We are still working with the best way to completely integrate our Pet Haven foster dog Jonah into our home. It turns out, what’s best for him right now may be not to continue to try and integrate him. As Jonah has become more comfortable in our home he has started to show some other behaviors that his massive amount of anxiety was most likely overwhelming. Our hope is with the anti-anxiety medication, patience, space, love and training that these behaviors will dissipate and we will be able to re-visit full integration.
While we have continued to prevent Frankie and Jonah from climbing all over each other anymore, we have allowed them to lay on the same couch a foot or two away (as seen above). Up until a couple of days ago, I would have said this was working well for both of them. Then he growled and moved for Frankie after she had gotten up (still in her little corner) to do a couple more circles in place to get comfy and lay down again. He did not bite her but did really scare her (and us). Our new normal is one dog on the couch unless a person is between them. Understand that this doesn’t mean that Jonah is aggressive. It means when he feels uncomfortable or threatened (like when he has another dog near his space and what he considers his things like bowls,etc) that he may react aggressively.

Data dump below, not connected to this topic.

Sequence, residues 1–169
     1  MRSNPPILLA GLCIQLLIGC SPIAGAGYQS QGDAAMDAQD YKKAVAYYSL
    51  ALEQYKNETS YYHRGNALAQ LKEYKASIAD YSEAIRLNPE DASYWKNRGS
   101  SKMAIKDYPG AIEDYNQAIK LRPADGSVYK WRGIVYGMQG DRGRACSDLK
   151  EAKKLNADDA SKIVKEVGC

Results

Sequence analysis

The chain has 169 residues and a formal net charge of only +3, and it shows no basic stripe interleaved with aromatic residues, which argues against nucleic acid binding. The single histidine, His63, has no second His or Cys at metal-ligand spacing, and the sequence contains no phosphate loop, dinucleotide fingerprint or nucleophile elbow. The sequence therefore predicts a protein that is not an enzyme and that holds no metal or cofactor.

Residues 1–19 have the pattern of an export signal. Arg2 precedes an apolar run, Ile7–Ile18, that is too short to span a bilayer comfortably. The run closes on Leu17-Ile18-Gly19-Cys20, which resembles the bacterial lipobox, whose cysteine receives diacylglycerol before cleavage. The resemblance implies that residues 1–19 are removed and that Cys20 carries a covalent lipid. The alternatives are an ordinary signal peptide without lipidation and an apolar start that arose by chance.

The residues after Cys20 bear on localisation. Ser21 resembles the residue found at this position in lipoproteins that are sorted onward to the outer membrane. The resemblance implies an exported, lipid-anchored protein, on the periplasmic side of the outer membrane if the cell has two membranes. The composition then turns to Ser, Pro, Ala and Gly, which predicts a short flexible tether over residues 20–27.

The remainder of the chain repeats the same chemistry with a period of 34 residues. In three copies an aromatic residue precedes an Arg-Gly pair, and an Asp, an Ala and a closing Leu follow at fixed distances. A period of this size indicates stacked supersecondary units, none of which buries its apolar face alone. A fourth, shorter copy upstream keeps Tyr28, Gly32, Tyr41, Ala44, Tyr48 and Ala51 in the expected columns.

This distinction is an important one to me because it is not an insignificant detail that Jonah’s bite inhibition has been flawless. He is a strong, fast dog and if he really wanted to bite Frankie, he would have already–no matter how quick our responses. This incident (and his other incidents) would all be considered a Level One with an ‘excellent prognosis’ according to Dr. Ian Dunbar’s Bite Assessment Scale.
Everyone draws the line on what dog behavior they can manage differently. Although we have had to deviate from what we typically do, Jonah is manageable because he is overall very good with Frankie, and we know now to not put him in situations with anything we think he might try to guard. Once his medication kicks in a little more and he is overall more relaxed, we will start trying to counter-condition him to having a dog approach his space/things. Right now he is still so hesitant and shut down that training doesn’t work with him the way it does with other, more neuro-typical dogs.
We are happy to try to help gentle Jonah become a non-fearful, stable family member.